The low molecular weight fraction of commercial human serum albumin (LMWF5A)
has been shown to successfully relieve pain and inflammation in severe osteoarthritis of the knee
(OAK). LMWF5A contains at least three active components that could account for these antiinflammatory
and analgesic effects.
We summarize in vitro experiments in bone marrow–derived mesenchymal stem cells, monocytic
cell lines, chondrocytes, peripheral blood mononuclear cells, fibroblast-like synoviocytes, and endothelial
cells on the biochemistry of anti-inflammatory changes induced by LMWF5A. We then
look at four of the major pathways that cut across cell-type considerations to examine which biochemical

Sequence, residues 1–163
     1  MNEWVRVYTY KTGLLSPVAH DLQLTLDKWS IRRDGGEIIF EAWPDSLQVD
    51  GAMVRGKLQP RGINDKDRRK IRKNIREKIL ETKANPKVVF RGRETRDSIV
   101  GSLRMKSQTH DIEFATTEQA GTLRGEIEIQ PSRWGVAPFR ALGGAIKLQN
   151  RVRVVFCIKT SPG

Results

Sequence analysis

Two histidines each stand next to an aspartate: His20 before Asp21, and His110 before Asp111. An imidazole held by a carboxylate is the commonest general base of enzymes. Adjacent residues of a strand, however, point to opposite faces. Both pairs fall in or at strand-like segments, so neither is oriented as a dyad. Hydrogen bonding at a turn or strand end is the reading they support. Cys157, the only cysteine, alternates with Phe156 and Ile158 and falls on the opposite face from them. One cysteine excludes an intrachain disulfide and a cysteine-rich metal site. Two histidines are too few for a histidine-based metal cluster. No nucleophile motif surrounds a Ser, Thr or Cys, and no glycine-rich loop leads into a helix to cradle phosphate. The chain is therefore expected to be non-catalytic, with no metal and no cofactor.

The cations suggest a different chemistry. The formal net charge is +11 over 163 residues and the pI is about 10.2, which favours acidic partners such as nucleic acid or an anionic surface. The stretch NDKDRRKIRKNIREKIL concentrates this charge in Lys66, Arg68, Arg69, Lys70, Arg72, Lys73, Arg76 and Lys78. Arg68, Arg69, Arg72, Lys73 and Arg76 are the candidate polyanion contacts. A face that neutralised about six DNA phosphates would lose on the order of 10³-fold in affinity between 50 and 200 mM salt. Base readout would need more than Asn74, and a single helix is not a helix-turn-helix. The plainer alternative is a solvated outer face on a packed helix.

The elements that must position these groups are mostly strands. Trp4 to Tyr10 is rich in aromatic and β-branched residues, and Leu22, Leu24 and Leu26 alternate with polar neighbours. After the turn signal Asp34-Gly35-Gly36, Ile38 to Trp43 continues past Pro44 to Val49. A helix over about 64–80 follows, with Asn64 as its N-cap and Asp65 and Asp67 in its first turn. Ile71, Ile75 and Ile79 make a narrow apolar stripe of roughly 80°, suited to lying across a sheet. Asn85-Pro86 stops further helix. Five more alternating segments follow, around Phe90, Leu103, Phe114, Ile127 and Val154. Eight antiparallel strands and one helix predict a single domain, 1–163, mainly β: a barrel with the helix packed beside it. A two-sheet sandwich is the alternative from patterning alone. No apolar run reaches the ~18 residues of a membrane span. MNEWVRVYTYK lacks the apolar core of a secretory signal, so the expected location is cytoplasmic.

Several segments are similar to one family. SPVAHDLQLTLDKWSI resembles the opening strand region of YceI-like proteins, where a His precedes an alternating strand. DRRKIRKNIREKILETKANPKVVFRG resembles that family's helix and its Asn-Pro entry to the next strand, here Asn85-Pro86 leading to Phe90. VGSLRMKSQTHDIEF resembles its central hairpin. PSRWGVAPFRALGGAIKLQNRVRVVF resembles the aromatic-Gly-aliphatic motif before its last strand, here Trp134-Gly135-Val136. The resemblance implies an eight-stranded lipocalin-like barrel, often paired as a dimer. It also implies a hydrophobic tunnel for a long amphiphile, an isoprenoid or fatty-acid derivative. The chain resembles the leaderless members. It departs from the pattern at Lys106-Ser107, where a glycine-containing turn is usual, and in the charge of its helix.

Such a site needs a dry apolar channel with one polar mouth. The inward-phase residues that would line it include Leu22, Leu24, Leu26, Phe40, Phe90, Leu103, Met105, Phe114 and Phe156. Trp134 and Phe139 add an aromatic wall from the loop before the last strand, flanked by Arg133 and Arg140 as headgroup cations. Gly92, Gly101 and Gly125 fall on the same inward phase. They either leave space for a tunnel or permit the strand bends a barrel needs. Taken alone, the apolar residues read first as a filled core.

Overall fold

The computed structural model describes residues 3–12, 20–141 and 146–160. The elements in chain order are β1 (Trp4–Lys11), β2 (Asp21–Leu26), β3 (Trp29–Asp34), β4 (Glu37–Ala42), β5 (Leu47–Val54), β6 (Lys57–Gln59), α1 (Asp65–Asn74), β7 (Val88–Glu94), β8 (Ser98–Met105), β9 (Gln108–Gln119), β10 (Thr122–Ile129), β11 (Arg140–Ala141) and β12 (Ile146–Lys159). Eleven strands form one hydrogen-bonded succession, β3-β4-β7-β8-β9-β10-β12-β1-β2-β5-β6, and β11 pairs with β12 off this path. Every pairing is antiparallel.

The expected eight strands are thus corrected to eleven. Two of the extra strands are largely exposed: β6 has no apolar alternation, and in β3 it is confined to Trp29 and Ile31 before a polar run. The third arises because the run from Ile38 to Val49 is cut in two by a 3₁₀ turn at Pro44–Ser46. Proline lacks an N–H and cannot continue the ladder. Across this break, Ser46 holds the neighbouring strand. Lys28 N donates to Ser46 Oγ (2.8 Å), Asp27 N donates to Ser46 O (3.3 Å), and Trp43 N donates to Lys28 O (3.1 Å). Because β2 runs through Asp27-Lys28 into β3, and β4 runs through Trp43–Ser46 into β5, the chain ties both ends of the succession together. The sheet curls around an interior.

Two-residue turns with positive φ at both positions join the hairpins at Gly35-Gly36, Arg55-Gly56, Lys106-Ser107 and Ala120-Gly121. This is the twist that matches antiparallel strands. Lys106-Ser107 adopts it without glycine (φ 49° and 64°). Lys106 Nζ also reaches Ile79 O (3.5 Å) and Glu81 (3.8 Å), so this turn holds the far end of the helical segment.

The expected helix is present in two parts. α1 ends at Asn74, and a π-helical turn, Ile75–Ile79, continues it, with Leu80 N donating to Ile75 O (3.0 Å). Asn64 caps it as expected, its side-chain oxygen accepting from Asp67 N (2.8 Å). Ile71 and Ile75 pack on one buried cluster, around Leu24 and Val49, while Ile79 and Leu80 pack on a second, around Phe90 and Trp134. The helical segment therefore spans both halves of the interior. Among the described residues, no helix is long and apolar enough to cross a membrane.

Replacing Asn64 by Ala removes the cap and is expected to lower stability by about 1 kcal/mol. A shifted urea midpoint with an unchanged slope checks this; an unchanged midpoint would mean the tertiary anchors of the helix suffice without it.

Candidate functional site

reactions are affected by mTOR, COX-2, CD36, and AhR pathways. All three components
show anti-inflammatory activities in at least some of the cell types.
The in vitro experiments show that the effects of LMWF5A in chondrocytes and bone marrow–
derived stem cells in particular, coupled with recent data from previous clinical trials of single and
multiple injections of LMWF5A into OAK patients demonstrated improvements in pain, function,
and Patient Global Assessment (PGA), as well as high responder rates that could be attributed to
the multiple mechanism of action (MOA) pathways are summarized here. In vitro and in vivo data
are highly suggestive of LMWF5A being a disease-modifying drug for OAK.